TNA has possibly the biggest roster of former ROH alumni in Samoa Joe, Jay Lethal, AJ Styles, Desmond Wolfe, Chris Sabin and Alex Shelley (The Motor City Machine Guns), and until recently Christopher Daniels.  And what is TNA doing?  TNA is banking on old ECW wrestlers from over 10 years ago, old WCW talent, and a Ric Flair led stable which can't seem to appear anything like a threat.  AJ Styles, Pro Wrestling Illustrated's wrestler of the year, is relegated to a TV title that is never defended.  Samoa Joe is off the air for weeks only to be put in a lackluster feud with Nash and Sting, and Lethal is virtually absent from TV after a hot push with Ric Flair.  Christopher Daniels is now absent from the company.  Everybody here derides the booking of Desmond Wolfe, so we won't even go into that.  In fact, the only younger talent from the indys that is currently being pushed is the Motor City Machine Guns, which is about the only thing that gets a TNA crowd to go crazy right now (something you'd think Carter would hear, as much as she's in the audience right now).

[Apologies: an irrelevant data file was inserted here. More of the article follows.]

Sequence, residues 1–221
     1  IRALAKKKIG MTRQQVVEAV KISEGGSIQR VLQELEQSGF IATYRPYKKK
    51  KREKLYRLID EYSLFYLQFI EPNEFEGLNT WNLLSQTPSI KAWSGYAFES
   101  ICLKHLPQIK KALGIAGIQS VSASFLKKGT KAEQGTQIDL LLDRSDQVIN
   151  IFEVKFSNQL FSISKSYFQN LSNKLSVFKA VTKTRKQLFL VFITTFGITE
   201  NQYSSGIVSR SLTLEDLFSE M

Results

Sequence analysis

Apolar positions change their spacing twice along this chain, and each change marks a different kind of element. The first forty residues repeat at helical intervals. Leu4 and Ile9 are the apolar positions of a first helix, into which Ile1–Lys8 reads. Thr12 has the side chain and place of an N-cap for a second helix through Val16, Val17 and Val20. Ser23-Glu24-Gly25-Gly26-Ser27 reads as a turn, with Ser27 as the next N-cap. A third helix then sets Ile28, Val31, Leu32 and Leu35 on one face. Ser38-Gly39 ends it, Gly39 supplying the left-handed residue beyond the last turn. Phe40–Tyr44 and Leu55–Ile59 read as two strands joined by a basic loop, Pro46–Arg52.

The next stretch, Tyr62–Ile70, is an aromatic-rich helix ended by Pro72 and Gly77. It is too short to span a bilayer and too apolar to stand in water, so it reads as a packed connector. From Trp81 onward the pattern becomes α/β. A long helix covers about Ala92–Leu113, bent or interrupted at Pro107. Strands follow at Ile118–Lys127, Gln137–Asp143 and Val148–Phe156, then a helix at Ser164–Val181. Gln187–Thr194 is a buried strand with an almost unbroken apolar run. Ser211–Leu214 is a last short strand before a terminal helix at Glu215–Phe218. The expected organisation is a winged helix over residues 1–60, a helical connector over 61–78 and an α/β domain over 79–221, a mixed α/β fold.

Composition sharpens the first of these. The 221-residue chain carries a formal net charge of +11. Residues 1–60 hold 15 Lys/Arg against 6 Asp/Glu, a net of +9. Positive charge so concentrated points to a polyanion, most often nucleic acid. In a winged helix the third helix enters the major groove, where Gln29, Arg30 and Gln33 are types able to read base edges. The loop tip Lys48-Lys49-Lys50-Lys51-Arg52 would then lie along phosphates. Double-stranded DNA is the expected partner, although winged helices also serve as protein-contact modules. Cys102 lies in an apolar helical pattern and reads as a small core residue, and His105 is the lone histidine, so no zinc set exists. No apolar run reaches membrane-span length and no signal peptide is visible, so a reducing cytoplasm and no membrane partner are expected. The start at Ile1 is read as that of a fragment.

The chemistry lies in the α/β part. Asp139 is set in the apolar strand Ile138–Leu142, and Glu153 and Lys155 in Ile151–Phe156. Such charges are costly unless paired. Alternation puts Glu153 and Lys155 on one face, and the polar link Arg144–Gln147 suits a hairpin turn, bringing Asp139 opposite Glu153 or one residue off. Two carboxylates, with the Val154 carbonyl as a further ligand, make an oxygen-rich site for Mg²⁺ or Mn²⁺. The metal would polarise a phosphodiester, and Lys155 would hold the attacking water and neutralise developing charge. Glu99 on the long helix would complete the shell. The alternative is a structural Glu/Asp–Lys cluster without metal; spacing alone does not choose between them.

TNA is making a lot of booking mistakes-- that much is certain.  What those mistakes are will be puzzled on this site constantly.  One of the main ones I see is their giving of the ball to older talent while WWE banks on the younger independent wrestler.  It's like Bizarro world wrestling or something and the exact opposite of what we'd expect from each company.  While it's sad what TNA chooses to do with its indy talent, I very much look forward to seeing what WWE does with theirs.